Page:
This week, the broadcast industry is meeting in Las Vegas to showcase Adobe products, new sites and new services. However, amid this collegial gathering of industry folk,s a $33 billion fight is brewing — or maybe it’s only a $27.8 billion fight, depending on whose numbers we use. The fight is nothing short of an entertainment battle royale, with TV on one side and the iPhone on the other.
Actually, mobile phones, tablets and any other device we want to connect to the cellular network are on the iPhone side, but in a battle royale, it helps to have one protagonist and one antagonist. The issue is who will have access to the 133 MHz of spectrum currently used by broadcasters to deliver TV programming, and how that transfer of airwaves will take place if the broadcast industry can’t stop Congress and the Federal Communications Commission from its spectrum land grab. It’s a contentious issue over a wonky subject, and so like all debates that require some technical knowledge, both sides are flat-out misleading people. So here are five questions (and answers) about this issue, for those who want to separate the truth from the spin.
What’s the Issue Again?
Way back in 2005, Congress told broadcasters they would need to move off of their analog broadcasting systems and switch to digital because it was a more efficient way to divvy up spectrum. This switch to digital meant people had to buy a converter box or a new TV. The upside of this whole shebang was that the federal government auctioned off some of the 700 MHz spectrum vacated by the broadcasters to AT&T and Verizon, so they could improve cell phone service. This allows the operators to offer 4G wireless and netted the federal government $19.59 billion.
But wireless operators have become a victim of their own success, and now people can’t make calls. As more people buy tablets and iPhones so they can watch Netflix or tweet, service is only going to get worse, because all those apps are made up of bits transmitted via the airwaves. And each airwave, or megahertz, can only transport a limited number of bits. But there are so many Netflix and Facebook bits going over the air that the FCC is worried that we’re going to run out of spectrum before 2013.
To keep that from happening, the FCC and Congress want to use some of the megahertz the broadcasters currently use to deliver TV to people — not all of it, just some of it — because most broadcasters are not using all of their airwaves to deliver TV shows, and those that are could probably change the way the deliver their bits to deliver TV shows in less spectrum. The consumer isn’t likely to notice the difference, but it could cost broadcasters more money. And broadcasters already spent $15 billion to transition to digital, and in doing so, gave up a quarter of their spectrum.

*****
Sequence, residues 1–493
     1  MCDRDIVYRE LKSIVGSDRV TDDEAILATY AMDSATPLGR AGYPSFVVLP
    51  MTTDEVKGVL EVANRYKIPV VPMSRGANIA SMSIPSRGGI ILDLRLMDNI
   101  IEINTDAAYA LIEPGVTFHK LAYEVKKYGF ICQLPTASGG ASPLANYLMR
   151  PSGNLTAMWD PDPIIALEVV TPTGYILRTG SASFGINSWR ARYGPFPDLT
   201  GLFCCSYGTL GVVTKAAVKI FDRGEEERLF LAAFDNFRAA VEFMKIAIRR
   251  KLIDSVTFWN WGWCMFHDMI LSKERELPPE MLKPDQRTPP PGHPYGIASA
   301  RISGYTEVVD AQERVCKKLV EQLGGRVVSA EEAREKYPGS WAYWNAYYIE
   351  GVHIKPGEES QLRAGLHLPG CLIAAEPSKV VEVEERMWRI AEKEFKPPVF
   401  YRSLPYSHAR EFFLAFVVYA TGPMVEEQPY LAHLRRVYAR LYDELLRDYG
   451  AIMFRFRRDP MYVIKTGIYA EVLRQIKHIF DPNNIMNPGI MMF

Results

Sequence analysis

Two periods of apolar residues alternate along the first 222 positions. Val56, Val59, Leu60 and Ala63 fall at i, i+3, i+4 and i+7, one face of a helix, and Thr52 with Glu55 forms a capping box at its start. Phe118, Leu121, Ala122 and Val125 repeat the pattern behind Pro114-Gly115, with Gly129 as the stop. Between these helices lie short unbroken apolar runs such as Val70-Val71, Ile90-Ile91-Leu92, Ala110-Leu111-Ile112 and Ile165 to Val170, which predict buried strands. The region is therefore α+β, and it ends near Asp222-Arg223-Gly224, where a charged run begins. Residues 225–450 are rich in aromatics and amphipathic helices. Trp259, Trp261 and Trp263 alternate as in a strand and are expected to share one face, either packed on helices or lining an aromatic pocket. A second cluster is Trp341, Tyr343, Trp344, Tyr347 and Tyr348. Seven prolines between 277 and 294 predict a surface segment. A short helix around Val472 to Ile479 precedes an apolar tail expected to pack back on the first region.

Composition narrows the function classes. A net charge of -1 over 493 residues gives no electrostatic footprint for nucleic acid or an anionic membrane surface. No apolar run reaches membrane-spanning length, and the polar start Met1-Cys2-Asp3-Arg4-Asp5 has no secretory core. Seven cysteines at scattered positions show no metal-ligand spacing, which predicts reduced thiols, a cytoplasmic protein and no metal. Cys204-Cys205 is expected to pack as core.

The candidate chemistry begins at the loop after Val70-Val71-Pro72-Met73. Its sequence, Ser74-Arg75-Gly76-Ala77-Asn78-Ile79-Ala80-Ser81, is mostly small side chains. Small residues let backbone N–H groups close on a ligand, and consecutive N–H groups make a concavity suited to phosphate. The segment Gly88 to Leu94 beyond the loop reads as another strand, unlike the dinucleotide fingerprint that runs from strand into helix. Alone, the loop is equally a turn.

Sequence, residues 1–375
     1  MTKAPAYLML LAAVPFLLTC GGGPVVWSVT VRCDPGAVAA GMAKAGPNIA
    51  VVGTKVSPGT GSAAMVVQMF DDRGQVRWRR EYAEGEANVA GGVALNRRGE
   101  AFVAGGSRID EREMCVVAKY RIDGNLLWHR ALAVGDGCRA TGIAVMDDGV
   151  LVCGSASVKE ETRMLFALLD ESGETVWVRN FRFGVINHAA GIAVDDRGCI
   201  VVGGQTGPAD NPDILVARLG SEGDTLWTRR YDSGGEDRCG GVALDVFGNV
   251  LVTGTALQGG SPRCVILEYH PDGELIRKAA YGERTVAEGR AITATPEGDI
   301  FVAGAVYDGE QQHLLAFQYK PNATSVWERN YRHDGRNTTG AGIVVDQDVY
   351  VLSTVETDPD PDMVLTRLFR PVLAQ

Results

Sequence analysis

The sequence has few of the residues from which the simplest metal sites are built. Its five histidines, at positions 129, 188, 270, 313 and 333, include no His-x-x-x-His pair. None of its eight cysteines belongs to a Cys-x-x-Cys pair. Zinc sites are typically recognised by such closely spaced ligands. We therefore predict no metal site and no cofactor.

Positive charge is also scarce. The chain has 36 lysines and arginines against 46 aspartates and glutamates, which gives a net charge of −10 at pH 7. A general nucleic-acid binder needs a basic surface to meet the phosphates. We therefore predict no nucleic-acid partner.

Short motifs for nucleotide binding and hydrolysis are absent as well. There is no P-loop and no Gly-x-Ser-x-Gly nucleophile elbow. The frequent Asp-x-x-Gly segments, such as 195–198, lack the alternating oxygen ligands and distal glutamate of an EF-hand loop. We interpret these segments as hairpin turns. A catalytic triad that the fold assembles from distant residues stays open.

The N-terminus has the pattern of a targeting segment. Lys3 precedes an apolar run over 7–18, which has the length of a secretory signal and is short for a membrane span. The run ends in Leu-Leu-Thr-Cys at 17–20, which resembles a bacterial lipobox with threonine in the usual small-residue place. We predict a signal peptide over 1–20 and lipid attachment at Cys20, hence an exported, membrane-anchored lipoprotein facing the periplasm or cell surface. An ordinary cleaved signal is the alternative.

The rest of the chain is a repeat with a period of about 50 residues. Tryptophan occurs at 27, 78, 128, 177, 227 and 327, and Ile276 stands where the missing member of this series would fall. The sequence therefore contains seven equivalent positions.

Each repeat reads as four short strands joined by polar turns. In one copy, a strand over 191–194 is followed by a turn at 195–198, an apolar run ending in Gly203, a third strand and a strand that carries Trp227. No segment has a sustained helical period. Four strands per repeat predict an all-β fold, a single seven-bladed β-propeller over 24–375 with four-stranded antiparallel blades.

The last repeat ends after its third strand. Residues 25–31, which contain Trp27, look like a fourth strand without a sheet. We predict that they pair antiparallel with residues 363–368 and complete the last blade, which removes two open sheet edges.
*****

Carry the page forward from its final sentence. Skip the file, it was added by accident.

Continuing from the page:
Are We Really Running out of Spectrum?
The answer is no. While the FCC says we will run out of spectrum by 2013, the real truth is that their estimates don’t take into account technologies like femtocells, Wi-Fi offload and more efficient networking technologies that can cram more bits into a single megahertz. Folks inside the FCC argue the panic may not be entirely real, but justify the freak out because otherwise Congress would never act to appropriate more spectrum in time. It is true that we’ll need more spectrum.
Who Owns This Spectrum Anyway?
Technically, the government does. It granted broadcasters access to use this spectrum because it viewed broadcasting as a public good and theoretically could take it away at any point in time, but that’s not going to happen since broadcasters have built out a huge industry that many Americans still rely on for their entertainment and news.
What Is an Incentive Auction?
The incentive auction is the FCC’s attempt to offer broadcasters a peace offering: basically an auction whereby the broadcasters who give up spectrum will get to share in the proceeds of the auction, which the feds think could net $27.8 billion, and the CTIA and Consumer Electronics Association believe could be worth $33 billion. But to offer these auctions congress will have to pass a law — a law the NAB is fighting with all of its might.
Won’t This Take PBS Stations for Rural Viewers so People in Cities Can Play Angry Birds?
At a speech during NAB conference, CEO Gordon Smith said “Why should people in Kentucky, for example, have their local stations’ signal potentially degraded…so urbanites in Manhattan can have a faster download of the app telling them where the nearest spa is located?” But spectrum is geographically constrained. So having a lot of spectrum in New York means New York broadcasters will have to give up their airwaves, not the folks in Rochester.